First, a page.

Books & Literature

Book Review: Something About Alaska, by J. A. Cooper

YOUNG ADULT: Nearing 15, Zac Greene travels to Alaska to re-connect with the father he’s only ever known from a distance. But Zac’s dad is a lone wolf – a wounded soul who’d rather drown his regrets in a bottle of bourbon than confront the mistakes of his past.

A compassionate typification of a father/son relationship.

At (almost) 15, teenager Zac is sent to spend some time with his father in Alaska. It is clear from the start that their relationship is not perfect, and that this trip is one of restorative hope.

When Zac tries to prove himself to his dad, which means successfully mushing with the dogs along a trail, an argument ensues. This leads to Zac leaving, determined to make his way back to the airport to return home, solo. As it takes place during the Alaskan winter, however, Zac finds himself hitchhiking with a stranger.

With slow and full character development that demands compassion for all central characters, it is impossible not to appreciate all personalities in this story. This is despite it being written in the first-person narrative of Zac. Zac had arrived to achieve the uniqueness and beauty of the Aurora lights in his relationship with his father, yet the reality was a pursuit filled with unparalleled emotional danger, as if the backdrop of the threatening yet charming Alaskan landscape is a direct reflection.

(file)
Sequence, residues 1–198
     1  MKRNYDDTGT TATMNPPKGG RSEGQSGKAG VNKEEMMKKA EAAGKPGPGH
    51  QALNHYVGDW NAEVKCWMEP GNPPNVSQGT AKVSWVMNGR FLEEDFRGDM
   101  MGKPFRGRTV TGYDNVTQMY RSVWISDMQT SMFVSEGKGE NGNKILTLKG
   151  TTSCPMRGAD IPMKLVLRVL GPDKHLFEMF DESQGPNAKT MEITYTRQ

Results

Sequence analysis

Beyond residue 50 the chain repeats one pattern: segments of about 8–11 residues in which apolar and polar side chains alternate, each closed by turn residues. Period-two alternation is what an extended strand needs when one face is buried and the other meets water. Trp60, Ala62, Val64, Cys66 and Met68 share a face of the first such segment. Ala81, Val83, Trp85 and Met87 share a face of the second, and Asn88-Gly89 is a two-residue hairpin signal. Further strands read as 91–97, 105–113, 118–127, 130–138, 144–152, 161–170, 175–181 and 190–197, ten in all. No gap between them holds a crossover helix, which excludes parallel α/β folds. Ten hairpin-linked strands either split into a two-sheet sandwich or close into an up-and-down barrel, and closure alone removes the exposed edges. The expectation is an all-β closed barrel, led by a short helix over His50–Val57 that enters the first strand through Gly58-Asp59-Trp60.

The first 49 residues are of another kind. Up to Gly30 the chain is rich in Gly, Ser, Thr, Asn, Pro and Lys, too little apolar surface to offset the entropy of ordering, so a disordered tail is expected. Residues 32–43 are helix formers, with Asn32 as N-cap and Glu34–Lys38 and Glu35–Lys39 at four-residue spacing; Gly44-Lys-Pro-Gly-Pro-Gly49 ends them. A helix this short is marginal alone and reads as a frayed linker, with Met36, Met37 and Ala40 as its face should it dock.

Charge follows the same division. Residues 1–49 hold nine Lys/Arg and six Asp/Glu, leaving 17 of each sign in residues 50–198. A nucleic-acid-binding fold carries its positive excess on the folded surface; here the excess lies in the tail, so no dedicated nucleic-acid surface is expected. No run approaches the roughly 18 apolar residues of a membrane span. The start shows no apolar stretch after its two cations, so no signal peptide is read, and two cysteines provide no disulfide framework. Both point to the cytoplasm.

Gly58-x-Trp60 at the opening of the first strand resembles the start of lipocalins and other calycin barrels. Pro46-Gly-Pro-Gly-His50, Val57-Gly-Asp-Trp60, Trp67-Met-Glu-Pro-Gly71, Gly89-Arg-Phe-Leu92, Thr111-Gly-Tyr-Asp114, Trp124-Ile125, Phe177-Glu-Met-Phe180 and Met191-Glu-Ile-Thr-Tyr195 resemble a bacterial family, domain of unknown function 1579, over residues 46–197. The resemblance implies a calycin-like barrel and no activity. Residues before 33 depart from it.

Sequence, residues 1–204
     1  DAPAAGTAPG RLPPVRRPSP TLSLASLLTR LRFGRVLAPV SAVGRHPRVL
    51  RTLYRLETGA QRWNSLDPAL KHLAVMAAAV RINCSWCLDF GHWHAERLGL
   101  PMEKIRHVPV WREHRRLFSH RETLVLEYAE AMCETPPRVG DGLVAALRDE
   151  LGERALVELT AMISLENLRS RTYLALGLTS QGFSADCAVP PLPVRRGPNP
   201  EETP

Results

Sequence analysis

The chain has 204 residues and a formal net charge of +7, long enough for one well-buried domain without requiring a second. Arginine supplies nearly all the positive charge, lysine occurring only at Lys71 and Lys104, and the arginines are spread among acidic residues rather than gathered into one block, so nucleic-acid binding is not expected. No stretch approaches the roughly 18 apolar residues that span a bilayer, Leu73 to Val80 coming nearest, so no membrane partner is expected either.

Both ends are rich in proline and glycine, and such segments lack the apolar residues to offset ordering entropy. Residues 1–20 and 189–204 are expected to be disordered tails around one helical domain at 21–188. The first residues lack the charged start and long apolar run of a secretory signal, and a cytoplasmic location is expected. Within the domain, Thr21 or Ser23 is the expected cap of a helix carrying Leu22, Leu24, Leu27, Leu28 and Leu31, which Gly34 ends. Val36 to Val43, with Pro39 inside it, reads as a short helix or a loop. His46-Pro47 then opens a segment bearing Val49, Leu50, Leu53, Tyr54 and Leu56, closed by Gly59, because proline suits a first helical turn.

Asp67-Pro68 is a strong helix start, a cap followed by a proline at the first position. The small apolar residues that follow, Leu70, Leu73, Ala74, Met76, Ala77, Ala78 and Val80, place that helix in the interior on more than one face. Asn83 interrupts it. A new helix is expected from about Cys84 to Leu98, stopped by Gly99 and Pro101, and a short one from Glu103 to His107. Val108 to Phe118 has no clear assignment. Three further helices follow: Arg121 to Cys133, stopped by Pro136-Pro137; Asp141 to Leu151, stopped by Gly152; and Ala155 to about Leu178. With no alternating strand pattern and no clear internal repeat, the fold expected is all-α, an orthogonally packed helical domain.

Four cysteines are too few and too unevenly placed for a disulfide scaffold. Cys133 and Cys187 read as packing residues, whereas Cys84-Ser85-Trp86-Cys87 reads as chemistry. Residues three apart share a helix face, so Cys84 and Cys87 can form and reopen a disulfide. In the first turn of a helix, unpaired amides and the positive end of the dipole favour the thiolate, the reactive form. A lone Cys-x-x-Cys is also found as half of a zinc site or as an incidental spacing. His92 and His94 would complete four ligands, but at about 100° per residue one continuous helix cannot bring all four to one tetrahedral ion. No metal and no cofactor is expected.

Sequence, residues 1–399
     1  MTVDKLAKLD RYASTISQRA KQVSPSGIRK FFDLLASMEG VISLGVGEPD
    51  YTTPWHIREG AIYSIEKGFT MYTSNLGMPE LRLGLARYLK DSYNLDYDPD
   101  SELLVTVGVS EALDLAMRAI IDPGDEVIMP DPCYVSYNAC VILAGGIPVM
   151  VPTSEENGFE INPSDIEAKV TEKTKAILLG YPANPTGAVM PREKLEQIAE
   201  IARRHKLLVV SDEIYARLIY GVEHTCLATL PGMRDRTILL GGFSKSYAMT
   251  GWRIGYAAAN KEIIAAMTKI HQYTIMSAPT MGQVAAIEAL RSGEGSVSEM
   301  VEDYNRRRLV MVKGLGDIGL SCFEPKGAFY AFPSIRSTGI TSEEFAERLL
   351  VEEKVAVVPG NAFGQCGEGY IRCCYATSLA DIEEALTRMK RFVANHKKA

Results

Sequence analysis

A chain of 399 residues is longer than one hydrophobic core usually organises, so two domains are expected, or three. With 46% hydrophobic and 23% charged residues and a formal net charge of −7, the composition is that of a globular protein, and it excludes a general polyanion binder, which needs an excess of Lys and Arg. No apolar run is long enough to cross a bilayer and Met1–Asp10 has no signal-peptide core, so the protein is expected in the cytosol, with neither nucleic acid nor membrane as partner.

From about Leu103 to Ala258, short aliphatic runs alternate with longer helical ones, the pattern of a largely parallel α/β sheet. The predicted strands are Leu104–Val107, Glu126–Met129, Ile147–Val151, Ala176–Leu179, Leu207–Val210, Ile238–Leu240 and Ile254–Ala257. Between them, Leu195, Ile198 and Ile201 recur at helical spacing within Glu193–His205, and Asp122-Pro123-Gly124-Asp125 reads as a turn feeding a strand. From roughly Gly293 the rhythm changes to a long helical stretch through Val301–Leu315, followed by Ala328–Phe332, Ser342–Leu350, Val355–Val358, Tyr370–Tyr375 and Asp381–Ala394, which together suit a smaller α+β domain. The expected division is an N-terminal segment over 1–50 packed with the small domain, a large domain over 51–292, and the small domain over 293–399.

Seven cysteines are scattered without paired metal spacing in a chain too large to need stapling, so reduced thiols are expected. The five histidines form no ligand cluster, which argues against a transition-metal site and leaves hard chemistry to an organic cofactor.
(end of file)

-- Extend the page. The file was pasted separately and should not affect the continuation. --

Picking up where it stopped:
His father, although capable of huge feats like competing in the Iditarod trail three times, is an alcoholic. His unpredictable nature is matched both by the Alaskan weather as well as the emotions of Zac, whose anger at his father quickly escalates to full heightened fear as he tries to work out the motivations of his newfound acquaintance, driver Stanley.

Although the story’s focus is on the father-son relationship, it is through Stanley that Zac develops the capacity to see his dad as a human as well as a father. Part of this occurs as Zac learns skills for survival, and through his wary dialogue with Stanley. Wise parables, including a variation of a traditional folk story (the cultural reference is listed at the back of the book), are scattered throughout the text.

Although the author leaves the ending unclear, it sets the stage for forgiveness and emotional reconnection. This is a characteristic tale of a disjointed father and son relationship, suitable for any audience. It is one of understanding, human growth, and maturation. An excellent debut novel from local Adelaide writing and communication teacher at Tabor College, James Cooper.

Reviewed by Rebecca Wu

This review is the opinion of the reviewer and not necessarily of Glam Adelaide.

Distributed by: MidnightSun Publishing
Released: August 2022
RRP: $19.99

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